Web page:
Nova Religio

BY: JAHNAVA DEVI

Sep 23, USA (SUN) — Review of "The Hare Krishna Movement: The Postcharismatic Fate of a Religious Transplant"

Nova Religio is a quarterly journal published by the University of California's Caliber Press. In publication since late 1997, Nova Religio offers articles, original research, book reviews and conference updates on alternative religious movements. Readers of the journal include religious scholars, sociologists, anthropologists, historians, and others interested in philosophy and religion.

Nova Religio aims to present information on 'unconventional religions', exploring them contextually in the larger social environment. Over the last year, the journal has published articles on alternative Christian religions, new Jewish movements, religions based on Asian teachings, and those stemming from Middle Eastern, African and other Ancient traditions.

The Hare Krsna movement has been featured in a number of Nova Religio articles over the years, including the following:

  • Apr 2003 Obituary for Tamal Krishna Goswami

  • Apr 2000 "ISKCON's Extensive Reform Efforts" article by John M. Bozeman

  • Apr 1992 Book Review on "Betrayal of the Spirit" by Nori Muster

In the current issue (August 2005), a book review was published on "The Hare Krishna Movement: The Postcharismatic Fate of a Religious Transplant" by Maria L. Ekstrand (Madhusudani devi dasi) and Edwin Bryant (Adwaita das). Madhusudani dasi is the well known Editor of Chakra.org, and a disciple of HH Jayapataka Swami.

The book reviewer, Tulasi Srinivas, has a Ph.D in Sociology/Anthropology from Boston University, where she is now a visiting professor. Her Bachelor studies were undertaken in Bangalore.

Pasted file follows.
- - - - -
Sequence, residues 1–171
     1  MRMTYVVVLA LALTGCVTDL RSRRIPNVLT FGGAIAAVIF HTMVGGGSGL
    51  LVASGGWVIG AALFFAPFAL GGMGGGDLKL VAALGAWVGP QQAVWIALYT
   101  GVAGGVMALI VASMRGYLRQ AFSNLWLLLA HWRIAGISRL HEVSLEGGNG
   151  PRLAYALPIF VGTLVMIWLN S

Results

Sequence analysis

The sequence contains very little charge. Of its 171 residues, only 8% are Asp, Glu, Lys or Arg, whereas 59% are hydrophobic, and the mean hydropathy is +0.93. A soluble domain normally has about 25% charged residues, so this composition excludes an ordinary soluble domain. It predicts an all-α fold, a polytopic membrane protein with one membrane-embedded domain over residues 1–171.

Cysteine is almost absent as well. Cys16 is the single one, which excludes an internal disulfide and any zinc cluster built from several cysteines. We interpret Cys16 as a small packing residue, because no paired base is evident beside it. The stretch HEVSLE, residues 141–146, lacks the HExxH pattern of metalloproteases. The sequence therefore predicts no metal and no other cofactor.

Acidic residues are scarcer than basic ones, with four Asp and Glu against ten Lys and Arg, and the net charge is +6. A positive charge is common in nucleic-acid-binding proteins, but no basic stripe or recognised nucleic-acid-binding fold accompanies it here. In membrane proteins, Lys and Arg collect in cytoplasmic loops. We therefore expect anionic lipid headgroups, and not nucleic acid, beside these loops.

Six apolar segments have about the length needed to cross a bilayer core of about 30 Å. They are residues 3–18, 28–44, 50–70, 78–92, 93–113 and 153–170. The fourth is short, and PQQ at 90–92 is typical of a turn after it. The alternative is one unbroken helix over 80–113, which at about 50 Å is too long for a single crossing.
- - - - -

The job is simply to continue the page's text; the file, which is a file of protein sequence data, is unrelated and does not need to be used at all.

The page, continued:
Dr. Srinivas offers a broad critique of the book from the viewpoint of an academic, but not that of a devotee. She acknowledges that the book will be useful to students of religious studies, sociologists and anthropologists, and scholars interested in a broad range of religio-social and cultural studies. At the same time, she levels fairly strong criticism of the book, citing both structural and content problems.

At the heart of Dr. Srinivas' critique is the structure of The Hare Krishna Movement, which is essentially a collection of essays written by a wide range of authors. The authors represent a host of different viewpoints and, as Srinivas characterizes them, the essays present "a dizzying array of topics". She notes that "there are significant differences in followers' interpretations of the Hare Krishna sampradaya's texts as well as differences in praxis and experience."

A review of the Table of Contents from The Hare Krishna Movement gives us a glimpse into the 'dizzying array' Dr. Srinivas faced in reviewing the book. Included, among many others, are the following essays:

  • The History of Indic Monotheism and Modern Chaitanya Vaishnavism: Some Reflections, by Neal Delmonico (Nitai Das)

  • Krishna in Mleccha desh: ISKCON Temple Worship in Historical Perspective, by Kenneth Valpey (Krishna Kshetra das)

  • Who Is Shri Chaitanya Mahaprabhu? by Steven J. Rosen (Satyaraja das)

  • Charismatic Renewal and Institutionalization in the History of Gaudiya Vaishnavism and the Gaudiya Math, by Jan Brzezinski (Jagatananda/Hiranyagarbha das)

  • The Guru, Mayavadins, and Women: Tracing the Origins of Selected Polemical Statements in the Work of A.C. Bhaktivedanta Swami, by Ekkehard Lorenz (Ekanath das)

  • Cleaning House and Cleaning Hearts: Reform and Renewal in ISKCON, by William H. Deadwyler (Ravindra Svarupa das)